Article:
user: 'your_username',
  },
})

// Connect database to Objection
Model.knex(knex)

// Start the app
app.listen(port, () => console.log(`*:${port} - Listening on port ${port}`))

So now you have a complete API for the /books/:id endpoint. This API would start with:

tsc && npm start

Or you could use nodemon to get a dev server going.

Migration

In Knex, you can use a migration to seed the schema/data instead of just using raw SQL. To make a migration, you'd just use the Knex CLI to create a migration file:

knex migrate:make initial-schema

And set up the data - in this case, making book table with a few columns:

db/migrations/initial-chema.js
exports.up = async function (knex) {
  await knex.schema.createTable('book', function (table) {
    table.increments('id').primary().unique()
    table.string('name').notNullable()
    table.string('author').notNullable()
  })
}

exports.down = async function (knex) {
  await knex.schema.dropTable('book')
}

Similar instructions are available for seed.

Test Configuration

Your basic jest.config.js would look something like this:

jest-config.js
module.exports = {
  clearMocks: true,
  moduleFileExtensions: ['ts'],
  roots: ['<rootDir>'],
  testEnvironment: 'node',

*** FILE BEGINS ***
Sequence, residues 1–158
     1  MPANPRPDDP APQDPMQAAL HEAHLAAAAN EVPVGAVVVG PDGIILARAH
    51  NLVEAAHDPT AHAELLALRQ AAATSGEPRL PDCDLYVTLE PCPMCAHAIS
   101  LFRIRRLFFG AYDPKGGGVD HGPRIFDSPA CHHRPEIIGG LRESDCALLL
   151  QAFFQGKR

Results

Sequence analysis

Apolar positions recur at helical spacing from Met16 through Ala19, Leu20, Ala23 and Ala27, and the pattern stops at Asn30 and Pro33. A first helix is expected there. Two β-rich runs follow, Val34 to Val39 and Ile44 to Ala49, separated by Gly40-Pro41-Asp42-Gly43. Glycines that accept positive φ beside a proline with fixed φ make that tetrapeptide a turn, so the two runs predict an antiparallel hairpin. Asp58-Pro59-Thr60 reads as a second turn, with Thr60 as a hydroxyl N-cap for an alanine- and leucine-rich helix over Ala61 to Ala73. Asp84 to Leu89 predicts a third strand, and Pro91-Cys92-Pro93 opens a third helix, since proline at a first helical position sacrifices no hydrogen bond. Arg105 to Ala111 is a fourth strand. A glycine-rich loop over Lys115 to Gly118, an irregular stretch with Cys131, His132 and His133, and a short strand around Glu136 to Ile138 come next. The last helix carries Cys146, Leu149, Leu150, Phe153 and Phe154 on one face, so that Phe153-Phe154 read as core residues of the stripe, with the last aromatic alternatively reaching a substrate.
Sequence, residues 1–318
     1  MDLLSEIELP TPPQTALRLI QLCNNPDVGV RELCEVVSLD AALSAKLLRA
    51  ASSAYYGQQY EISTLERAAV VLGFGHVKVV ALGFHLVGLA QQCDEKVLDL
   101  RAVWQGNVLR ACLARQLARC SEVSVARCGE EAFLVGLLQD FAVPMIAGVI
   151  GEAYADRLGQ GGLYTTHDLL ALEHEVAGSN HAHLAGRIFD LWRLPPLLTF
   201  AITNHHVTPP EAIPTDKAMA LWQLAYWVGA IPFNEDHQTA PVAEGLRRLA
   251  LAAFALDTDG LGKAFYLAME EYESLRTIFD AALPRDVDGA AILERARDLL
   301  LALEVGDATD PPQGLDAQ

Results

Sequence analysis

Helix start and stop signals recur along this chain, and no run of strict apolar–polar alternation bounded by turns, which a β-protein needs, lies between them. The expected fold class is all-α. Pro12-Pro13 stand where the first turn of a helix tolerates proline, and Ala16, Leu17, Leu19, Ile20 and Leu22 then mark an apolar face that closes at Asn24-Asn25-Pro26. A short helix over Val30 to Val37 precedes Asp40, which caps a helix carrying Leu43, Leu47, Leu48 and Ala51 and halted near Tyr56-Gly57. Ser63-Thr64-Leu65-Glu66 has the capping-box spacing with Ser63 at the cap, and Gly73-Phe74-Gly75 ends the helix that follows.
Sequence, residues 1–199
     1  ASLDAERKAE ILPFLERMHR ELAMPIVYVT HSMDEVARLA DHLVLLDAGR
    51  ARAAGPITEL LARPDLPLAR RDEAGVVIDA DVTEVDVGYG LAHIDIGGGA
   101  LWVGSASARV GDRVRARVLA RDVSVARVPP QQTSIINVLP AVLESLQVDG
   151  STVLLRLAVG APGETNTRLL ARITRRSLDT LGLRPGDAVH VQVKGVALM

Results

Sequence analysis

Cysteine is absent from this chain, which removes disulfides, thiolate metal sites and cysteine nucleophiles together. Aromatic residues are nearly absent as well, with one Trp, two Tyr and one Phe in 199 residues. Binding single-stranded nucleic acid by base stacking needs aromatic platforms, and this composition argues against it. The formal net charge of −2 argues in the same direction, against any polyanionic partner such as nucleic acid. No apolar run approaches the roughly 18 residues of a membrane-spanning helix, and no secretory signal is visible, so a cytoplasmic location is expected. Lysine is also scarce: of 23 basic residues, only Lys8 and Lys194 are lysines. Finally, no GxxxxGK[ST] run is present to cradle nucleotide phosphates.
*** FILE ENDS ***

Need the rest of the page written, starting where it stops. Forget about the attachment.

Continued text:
transform: {
    '^.+\\.ts?$': 'ts-jest',
  },
  setupFilesAfterEnv: ['jest-extended'],
  globals: {
    'ts-jest': {
      diagnostics: false,
    },
  },
  globalSetup: '<rootDir>/tests/global-setup.ts',
  globalTeardown: '<rootDir>/tests/global-teardown.ts',
}

Note the globalSetup and globalTeardown properties and their corresponding files. In those files, you can seed and migrate the database, and tear it down when you're done.

Global setup

In the global setup, I made a two step process - first connect without the database to create it, then migrate and seed the database. (Migration instructions are in the Knex documentation.)

tests/global-setup.ts
import Knex from 'knex'

const database = 'test_book_database'

// Create the database
async function createTestDatabase() {
  const knex = Knex({
    client: 'pg',
    connection: {
      /* connection info without database */
    },
  })

  try {
    await knex.raw(`DROP DATABASE IF EXISTS ${database}`)
    await knex.raw(`CREATE DATABASE ${database}`)
  } catch (error) {
    throw new Error(error)
  } finally {
    await knex.destroy()
  }
}

// Seed the database with schema and data
async function seedTestDatabase() {
  const knex = Knex({
    client: 'pg',
    connection: {
      /* connection info with database */
    },
  })

  try {
    await knex.migrate.latest()
    await knex.seed.run()
  } catch (error) {
    throw new Error(error)
  } finally {
    await knex.destroy()
  }
}

Then just export the function that does both.

tests/global-setup.ts
module.exports = async () => {
  try {
    await createTestDatabase()
    await seedTestDatabase()
    console.log('Test database created successfully')